(53/79)Cefoxitin interferes with determination of urinary 17-hydroxycorticosteroids. The apparent concentration of hormone is increased from three- to 10-fold in samples from patients receiving cefoxitin when the Amberlite XAD-2 "Clini-Skreen" column is used. To determine the mechanism of interference, we reacted aqueous solutions of cefoxitin, cortisol, cortisone, and 11-deoxycortisol with phenylhydrazine; recorded the adsorption spectra; and determined the molar absorptivities and the equilibrium and rate constants. Also, we recorded the absorption spectra of phenylhydrazine with eight other cepha antibiotics and benzylpenicillin. Cortisol, cortisone, 11-deoxycortisol, and cefoxitin react with phenylhydrazine and absorb light with superimposable spectra and absorption maxima of 410 nm. The other antibiotics react with phenylhydrazine but absorbance maxima of the products vary, none being at 410 nm. Cortisol, cortisone, and 11-deoxycortisol react with phenylhydrazine 35-fold faster, have equilibrium constants ninefold greater, and have molar absorptivities 1.6 times that of cefoxitin. Thus, cefoxitin interferes with determination of urinary 17-hydroxycorticosteroids by forming a chromophore with the same absorbance maximum and with a molar absorptivity similar to cortisol, but much more slowly. (+info)
Differential protein synthesis in steroid-treated ocular surface epithelium.
(54/79)Topical prednisolone and cortexolone, a known glucocorticoid receptor antagonist, differentially affected the synthesis of proteins in normal corneal epithelium and migrating conjunctival epithelium after complete corneal deepithelialization, as measured by 35S-methionine incorporation and SDS-PAGE (sodium dodecyl sulfate-polyacrylamide gel) electrophoresis. Application of either prednisolone or cortexolone to corneal epithelium resulted in similar protein synthesis patterns, each showing two new protein bands of about 15K and 32K. Cortexolone, but not prednisolone, initiated the appearance of several protein bands of different molecular weights in the migrating conjunctival epithelium, while treatment with prednisolone plus cortexolone resulted in a pattern of protein bands which resembled the saline-treated control. Crude extracts of prednisolone-treated migrating epithelium also enhanced the inhibition of phospholipase A2 activity, and this prednisolone-induced inhibition was reversed by cortexolone. (+info)
Analysis of glucose levels during glucocorticoid-induced cataract formation in chick embryos.
(55/79)When 15-day-old developing chick embryos were administered hydrocortisone hemisuccinate sodium (HC; 0.25 mumol/egg), the content of glucose in the lens markedly increased from around 6 hr, and reached about 25-30-fold above the matched control at 24-48 hr. Thereafter, the glucose level declined and returned to the control level by 100 hr. The profile of lenticular glucose levels was similar to that of the appearance and disappearance of lens opacification. Prednisolone, as well as HC, produced cataract and the elevation of glucose in the lenses. Cortexolone and cortisone, which have weak or negligible glucocorticoid activity in developing chick embryo, could neither produce cataract nor the elevation of glucose in the lenses. An attempt was made to find similarity between this glucocorticoid-induced cataract and sugar cataract known in mammals. In both control and HC-induced cataract (stage IV-V) obtained 48 hr after HC administration, sorbitol, fructose, and glycosylation of protein could not be detected. Dehydration was observed in HC-induced cataractous lens. These data demonstrate that the glycosylation of lenticular protein and the accumulation of polyol were not involved in glucocorticoid-induced cataract formation in developing chick embryos. These results suggest a relationship between the elevation of glucose and cataract formation. However, when cataract formation was blocked by ascorbic acid treatment, the glucose level remained high. Therefore, any relationship between glucose level and cataract may be complex or indirect. (+info)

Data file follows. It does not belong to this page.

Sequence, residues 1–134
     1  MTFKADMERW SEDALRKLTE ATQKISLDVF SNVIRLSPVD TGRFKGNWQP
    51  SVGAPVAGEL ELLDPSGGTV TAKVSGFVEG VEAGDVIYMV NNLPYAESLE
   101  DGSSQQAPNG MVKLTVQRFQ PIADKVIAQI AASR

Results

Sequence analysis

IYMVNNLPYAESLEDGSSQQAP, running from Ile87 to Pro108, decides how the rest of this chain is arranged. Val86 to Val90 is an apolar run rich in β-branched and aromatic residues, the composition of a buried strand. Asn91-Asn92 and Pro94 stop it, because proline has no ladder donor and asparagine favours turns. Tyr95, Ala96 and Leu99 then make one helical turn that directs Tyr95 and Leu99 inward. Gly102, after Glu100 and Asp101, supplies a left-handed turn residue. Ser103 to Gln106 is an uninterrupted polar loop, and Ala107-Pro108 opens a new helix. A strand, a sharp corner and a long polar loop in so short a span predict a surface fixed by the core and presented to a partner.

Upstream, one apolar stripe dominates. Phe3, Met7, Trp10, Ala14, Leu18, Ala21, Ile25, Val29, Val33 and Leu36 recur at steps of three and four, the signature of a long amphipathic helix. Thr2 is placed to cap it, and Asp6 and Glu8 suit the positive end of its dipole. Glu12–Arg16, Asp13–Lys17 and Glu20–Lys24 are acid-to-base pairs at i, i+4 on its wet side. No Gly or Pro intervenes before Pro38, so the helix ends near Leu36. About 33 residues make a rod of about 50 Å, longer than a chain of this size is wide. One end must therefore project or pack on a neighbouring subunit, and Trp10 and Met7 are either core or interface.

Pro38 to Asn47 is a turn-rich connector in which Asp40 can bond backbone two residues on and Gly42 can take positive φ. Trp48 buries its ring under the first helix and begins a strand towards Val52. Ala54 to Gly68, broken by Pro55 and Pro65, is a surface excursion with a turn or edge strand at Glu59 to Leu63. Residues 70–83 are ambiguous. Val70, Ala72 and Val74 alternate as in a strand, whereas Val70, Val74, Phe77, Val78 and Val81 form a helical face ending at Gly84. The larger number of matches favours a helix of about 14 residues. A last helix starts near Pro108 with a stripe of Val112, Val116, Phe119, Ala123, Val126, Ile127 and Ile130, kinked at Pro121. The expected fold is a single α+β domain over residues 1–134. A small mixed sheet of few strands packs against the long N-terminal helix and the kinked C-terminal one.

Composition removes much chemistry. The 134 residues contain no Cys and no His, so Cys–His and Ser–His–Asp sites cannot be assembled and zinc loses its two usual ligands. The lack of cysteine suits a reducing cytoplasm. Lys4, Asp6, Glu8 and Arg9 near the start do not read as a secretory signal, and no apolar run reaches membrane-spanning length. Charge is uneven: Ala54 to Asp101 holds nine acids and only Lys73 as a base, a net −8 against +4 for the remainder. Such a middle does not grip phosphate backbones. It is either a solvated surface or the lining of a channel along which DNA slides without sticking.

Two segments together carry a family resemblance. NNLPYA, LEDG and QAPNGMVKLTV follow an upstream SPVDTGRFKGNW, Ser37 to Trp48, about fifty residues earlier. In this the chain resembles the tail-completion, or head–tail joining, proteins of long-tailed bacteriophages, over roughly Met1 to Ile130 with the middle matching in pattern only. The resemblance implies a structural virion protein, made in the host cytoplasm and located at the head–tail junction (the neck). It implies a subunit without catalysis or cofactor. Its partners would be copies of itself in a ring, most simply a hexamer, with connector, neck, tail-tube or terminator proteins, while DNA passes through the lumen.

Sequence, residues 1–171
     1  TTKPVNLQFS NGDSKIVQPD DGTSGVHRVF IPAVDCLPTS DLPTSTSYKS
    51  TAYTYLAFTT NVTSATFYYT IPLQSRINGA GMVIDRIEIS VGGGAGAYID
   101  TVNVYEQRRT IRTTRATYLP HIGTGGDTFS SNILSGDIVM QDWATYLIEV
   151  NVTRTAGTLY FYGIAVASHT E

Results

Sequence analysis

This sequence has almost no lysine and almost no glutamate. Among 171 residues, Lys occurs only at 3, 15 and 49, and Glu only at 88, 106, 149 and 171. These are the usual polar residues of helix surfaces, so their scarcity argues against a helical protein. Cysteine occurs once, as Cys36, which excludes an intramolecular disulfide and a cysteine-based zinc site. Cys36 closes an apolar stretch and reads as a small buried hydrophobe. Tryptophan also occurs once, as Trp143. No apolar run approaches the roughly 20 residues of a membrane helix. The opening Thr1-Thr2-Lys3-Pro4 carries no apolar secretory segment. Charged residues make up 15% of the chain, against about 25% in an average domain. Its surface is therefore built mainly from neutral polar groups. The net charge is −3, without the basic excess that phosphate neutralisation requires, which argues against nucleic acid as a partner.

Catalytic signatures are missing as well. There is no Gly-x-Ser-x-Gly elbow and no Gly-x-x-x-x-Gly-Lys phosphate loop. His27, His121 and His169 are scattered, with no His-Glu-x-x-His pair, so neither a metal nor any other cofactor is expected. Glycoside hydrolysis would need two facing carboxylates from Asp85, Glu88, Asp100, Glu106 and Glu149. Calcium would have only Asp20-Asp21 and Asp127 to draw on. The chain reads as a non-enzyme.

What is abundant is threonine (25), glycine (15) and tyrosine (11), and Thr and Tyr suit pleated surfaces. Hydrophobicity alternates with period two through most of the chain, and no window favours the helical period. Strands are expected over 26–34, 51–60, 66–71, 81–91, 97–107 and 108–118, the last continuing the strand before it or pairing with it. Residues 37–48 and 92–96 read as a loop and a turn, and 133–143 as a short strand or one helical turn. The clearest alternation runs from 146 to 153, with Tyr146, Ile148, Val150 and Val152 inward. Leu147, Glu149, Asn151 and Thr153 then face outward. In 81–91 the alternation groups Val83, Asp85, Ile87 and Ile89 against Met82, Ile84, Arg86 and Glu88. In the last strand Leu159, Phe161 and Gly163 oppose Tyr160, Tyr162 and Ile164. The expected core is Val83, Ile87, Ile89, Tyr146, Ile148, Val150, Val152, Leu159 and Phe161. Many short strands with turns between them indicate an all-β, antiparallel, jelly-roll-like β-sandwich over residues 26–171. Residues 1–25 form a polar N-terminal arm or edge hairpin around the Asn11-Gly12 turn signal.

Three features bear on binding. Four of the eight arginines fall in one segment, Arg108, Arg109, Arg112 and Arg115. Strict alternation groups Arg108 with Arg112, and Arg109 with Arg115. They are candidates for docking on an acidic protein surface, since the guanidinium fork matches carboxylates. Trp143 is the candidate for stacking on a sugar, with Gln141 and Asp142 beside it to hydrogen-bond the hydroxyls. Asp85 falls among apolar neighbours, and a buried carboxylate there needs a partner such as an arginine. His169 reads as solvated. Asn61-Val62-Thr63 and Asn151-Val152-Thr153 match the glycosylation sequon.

Acute stimulation by glucocorticoids of gluconeogenesis from lactate/pyruvate in isolated hepatocytes from normal and adrenalectomized rats.
(56/79)Dexamethasone stimulated gluconeogenesis from lactate/pyruvate in suspensions of hepatocytes isolated from both adrenalectomized and normal fasted rats. This stimulation was observed in incubations with 1 mM pyruvate and at a lactate/pyruvate ratio of 25 but not at a ratio of 10-13. At a lactate/pyruvate ratio of 10-13, the stimulation by dexamethasone was progressively enhanced as the pyruvate concentration was decreased to 0.25 mM. Concurrent administration of a maximally stimulating concentration of dexamethasone with angiotensin II or glucagon yielded an additive stimulation at all concentrations of the peptide hormones tested. No potentiating or permissive actions of acute glucocorticoid administration were observed using hepatocytes from either normal or adrenalectomized animals. The acute stimulation by dexamethasone was antagonized by prior addition of progesterone or cortexolone to the hepatocyte suspensions. Triamcinolone and corticosterone also stimulated gluconeogenesis. Concentrations of the active glucocorticoids needed to elicit half-maximal stimulations (Kact) were approximately 100 nM for dexamethasone and triamcinolone and 400 nM for corticosterone. Deoxycorticosterone, 17 alpha-methyltestosterone, and 5 beta-dihydrocortisol did not stimulate. Stimulation of gluconeogenesis by dexamethasone was seen following a lag averaging 9 min after the time of steroid addition. Preliminary evidence suggests that this effect was not dependent upon a stimulation of protein synthesis, but the observed stimulation and inhibition of control rates of gluconeogenesis by cycloheximide and cordycepin, respectively, demonstrate the difficulties of working with such inhibitors in attempting to answer this question. (+info)